• Bell Peppers: Beyond the familiar green and red are black (purplish), orange, yellow and white bell peppers (photo). They all start out green, and ripen into the different colors.
  • Brussels Sprouts:Look for the pretty purple variety (photo #2).
  • Cabbage: You may use green and red/purple cabbages, but have you tried the beautiful Savoy cabbage with its crinkled leaves? It’s green, as are bok choy and Chinese cabbage, but don’t don’t overlook them when you’re looking for variety.
  • Cauliflower: White cauliflower is now joined by orange, purple and pale green (photo #3).
  • Chiles: A nice accent for those who like heat, different varieties are available beyond the familiar red and green, to brown, orange, purple and yellow.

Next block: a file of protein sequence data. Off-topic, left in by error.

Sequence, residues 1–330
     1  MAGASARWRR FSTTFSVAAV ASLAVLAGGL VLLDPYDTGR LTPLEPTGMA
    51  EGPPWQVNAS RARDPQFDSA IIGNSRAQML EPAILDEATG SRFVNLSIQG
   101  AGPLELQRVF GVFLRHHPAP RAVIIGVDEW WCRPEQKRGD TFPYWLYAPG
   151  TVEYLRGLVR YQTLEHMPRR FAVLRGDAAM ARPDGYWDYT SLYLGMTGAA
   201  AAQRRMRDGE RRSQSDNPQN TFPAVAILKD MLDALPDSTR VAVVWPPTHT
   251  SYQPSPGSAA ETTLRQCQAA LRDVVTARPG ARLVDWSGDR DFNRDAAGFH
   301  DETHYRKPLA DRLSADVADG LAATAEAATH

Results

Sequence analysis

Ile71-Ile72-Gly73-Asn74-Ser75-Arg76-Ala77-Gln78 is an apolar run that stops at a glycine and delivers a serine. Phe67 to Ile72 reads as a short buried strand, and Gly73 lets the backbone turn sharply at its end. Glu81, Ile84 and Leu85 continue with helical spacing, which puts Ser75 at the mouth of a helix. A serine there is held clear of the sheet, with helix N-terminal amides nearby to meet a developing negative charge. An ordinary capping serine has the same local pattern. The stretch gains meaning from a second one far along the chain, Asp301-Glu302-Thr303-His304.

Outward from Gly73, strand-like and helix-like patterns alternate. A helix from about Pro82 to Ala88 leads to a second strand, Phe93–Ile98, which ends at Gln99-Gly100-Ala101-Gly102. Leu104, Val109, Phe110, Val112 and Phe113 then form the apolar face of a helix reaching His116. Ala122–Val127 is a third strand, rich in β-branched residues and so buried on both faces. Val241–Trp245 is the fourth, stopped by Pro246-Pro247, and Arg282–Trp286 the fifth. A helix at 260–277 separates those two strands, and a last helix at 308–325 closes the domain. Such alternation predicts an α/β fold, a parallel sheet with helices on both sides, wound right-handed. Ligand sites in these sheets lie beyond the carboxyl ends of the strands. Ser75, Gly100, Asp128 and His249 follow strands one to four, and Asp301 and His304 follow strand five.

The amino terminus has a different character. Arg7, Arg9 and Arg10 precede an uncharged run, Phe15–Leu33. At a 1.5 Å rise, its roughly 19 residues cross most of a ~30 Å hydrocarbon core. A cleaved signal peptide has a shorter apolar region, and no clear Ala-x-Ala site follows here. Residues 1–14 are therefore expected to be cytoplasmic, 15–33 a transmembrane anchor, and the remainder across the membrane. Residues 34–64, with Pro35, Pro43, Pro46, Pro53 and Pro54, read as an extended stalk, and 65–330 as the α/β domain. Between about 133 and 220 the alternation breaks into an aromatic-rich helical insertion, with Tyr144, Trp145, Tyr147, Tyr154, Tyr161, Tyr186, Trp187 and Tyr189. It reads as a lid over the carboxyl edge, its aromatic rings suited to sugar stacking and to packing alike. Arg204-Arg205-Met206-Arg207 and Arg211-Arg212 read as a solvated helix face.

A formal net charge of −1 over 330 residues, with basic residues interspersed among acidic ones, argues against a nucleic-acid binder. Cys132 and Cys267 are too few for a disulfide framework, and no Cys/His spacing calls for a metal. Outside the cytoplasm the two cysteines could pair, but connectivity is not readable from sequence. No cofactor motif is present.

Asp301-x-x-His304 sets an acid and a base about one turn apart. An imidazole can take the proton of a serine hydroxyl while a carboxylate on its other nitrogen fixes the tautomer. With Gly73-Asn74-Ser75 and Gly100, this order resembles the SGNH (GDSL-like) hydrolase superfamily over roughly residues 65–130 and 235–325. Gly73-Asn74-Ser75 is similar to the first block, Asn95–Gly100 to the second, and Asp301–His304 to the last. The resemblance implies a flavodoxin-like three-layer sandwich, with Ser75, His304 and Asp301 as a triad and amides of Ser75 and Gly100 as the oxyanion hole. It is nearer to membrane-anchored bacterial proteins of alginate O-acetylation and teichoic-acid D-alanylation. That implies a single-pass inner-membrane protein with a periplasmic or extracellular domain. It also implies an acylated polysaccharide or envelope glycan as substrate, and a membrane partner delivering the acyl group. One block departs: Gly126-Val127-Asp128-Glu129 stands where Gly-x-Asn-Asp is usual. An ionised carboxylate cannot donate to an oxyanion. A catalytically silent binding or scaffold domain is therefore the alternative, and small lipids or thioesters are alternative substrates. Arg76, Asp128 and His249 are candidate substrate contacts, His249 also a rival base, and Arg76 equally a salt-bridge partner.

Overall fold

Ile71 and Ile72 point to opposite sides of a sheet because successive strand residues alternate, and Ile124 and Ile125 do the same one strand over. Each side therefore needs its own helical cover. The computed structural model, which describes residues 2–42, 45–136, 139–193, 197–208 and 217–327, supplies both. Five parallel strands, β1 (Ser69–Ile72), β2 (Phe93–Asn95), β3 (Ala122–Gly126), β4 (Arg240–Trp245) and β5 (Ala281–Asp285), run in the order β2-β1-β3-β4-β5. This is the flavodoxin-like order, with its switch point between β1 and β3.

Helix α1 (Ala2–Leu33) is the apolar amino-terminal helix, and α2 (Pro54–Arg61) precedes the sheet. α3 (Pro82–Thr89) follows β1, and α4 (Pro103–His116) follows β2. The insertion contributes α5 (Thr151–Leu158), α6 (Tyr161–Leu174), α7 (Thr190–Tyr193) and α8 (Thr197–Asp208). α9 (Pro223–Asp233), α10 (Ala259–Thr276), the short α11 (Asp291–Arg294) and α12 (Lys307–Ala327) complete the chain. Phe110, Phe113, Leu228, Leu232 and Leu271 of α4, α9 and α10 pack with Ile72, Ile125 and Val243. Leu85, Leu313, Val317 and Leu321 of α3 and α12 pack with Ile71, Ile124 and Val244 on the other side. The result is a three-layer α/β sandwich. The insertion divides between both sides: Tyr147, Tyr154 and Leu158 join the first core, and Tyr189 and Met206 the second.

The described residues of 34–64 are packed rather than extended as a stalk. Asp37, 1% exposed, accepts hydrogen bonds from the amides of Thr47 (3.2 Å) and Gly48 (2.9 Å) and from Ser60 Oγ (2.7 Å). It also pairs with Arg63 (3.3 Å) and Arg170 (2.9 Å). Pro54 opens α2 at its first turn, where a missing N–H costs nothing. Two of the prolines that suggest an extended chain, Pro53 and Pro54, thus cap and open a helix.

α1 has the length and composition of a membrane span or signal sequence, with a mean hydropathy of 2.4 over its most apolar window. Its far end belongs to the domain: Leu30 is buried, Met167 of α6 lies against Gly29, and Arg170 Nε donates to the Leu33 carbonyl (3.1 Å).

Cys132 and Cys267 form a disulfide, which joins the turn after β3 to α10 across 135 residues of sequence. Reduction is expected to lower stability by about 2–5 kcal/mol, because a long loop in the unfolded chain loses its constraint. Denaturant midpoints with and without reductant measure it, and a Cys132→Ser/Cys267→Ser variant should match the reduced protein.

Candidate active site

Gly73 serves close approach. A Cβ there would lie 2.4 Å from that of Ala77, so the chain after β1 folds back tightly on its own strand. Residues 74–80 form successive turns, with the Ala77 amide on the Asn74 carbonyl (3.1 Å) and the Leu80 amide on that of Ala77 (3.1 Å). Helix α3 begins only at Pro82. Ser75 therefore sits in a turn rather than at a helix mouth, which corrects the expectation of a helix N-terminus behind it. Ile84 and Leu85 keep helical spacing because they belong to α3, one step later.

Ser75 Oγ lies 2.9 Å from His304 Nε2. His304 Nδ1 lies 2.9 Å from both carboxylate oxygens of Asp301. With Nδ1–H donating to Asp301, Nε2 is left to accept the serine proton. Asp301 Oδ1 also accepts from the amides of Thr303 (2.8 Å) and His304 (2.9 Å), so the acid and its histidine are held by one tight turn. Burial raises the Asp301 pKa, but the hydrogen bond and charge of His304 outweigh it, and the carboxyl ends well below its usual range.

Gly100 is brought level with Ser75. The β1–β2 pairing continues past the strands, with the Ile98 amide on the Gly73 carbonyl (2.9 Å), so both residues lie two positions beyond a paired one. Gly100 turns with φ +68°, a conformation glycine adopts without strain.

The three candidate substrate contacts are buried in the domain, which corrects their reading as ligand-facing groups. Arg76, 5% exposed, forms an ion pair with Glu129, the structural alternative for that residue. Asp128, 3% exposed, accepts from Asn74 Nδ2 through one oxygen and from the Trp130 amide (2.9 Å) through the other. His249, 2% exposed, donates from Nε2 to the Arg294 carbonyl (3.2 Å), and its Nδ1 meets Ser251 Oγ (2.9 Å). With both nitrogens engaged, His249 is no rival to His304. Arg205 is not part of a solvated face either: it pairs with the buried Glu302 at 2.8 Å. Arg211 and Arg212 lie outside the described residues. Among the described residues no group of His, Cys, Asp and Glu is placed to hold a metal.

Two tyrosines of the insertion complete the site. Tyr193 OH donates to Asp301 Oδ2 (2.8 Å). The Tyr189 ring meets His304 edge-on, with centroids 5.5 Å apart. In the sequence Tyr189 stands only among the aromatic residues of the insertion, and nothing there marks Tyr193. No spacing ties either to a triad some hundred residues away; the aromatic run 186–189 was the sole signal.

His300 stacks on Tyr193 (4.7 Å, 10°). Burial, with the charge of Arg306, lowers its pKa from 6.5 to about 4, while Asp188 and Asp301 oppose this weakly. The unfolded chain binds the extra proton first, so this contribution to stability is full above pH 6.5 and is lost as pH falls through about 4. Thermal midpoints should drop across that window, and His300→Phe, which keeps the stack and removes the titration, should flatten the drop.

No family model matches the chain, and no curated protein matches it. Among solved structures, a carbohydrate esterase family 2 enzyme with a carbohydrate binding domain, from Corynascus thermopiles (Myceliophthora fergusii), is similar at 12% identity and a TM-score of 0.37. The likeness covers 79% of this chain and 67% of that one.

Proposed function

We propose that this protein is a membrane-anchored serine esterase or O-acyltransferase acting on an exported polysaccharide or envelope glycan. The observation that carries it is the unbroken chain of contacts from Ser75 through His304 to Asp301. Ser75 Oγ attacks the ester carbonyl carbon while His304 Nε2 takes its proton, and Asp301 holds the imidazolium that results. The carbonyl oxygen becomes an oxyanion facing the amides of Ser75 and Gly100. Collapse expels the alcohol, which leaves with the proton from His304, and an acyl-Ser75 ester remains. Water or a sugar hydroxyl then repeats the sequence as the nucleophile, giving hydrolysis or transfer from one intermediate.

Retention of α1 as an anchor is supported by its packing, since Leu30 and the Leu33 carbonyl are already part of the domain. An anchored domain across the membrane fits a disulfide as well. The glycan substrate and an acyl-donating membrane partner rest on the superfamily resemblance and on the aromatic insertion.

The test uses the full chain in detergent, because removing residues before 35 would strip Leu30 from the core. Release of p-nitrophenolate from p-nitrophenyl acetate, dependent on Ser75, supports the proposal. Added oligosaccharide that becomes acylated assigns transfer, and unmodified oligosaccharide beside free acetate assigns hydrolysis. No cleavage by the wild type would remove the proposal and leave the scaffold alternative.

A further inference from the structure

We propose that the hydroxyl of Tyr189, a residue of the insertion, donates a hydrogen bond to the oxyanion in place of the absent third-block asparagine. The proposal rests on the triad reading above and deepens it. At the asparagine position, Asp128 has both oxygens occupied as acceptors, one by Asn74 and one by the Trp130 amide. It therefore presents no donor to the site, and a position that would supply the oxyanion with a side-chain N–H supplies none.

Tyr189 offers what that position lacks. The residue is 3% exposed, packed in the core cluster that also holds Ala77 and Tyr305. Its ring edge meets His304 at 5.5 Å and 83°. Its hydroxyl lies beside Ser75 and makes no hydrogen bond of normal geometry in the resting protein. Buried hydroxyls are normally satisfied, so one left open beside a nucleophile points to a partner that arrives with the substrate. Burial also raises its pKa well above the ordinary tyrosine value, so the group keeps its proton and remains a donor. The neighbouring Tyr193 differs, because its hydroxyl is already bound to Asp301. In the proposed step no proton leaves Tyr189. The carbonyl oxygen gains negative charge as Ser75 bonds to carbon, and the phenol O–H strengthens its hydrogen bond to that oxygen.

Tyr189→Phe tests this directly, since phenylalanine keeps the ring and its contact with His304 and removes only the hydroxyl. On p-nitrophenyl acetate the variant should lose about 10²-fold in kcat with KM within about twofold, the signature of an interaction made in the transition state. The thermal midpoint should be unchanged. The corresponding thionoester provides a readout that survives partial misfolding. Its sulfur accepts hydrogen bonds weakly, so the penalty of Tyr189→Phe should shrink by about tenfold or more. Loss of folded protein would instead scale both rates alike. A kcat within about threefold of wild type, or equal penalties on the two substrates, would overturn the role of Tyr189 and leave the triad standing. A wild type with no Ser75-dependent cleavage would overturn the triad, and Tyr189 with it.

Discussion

• Carrots: The original carrot was white, like a turnip. The other colors—orange, purple, red, yellow—were mutants (photo #1). Here’s the story.
  • Cauliflower: The familiar white cauliflower is joined by heads of green, orange and purple, all natural mutants of white cauliflower (which itself was bred to be whiter). Green cauliflower, also called broccoflower, has a lighter green cousin.
  • Endive: Pale green endive has a variety with purplish-red-tipped leaves. It’s the color of radicchio, which is a cousin of endive.
  • Eggplant: Beyond the familiar dark purple, also grows green (Thai eggplant), lavender, orange (Ethiopian, scarlet or Turkish eggplant), pink, and striped purple and white (graffiti eggplant) and white eggplant. The lighter colored eggplants tend to be less bitterness than the dark purple.
  • Green Beans: These are a mutation where the skin of a regular green bean grows violet (photo #4). Alas, they are only purple when raw; cooking engenders the familiar green skin. But they sure are impressive crudités! (Photo and more information.) And don’t forget the yellow wax beans. A mix of green and yellow is interesting, and much more available.
  • Lettuce: Look for red lettuces, including red butter lettuce (photo #5), red oak leaf lettuce and red romaine.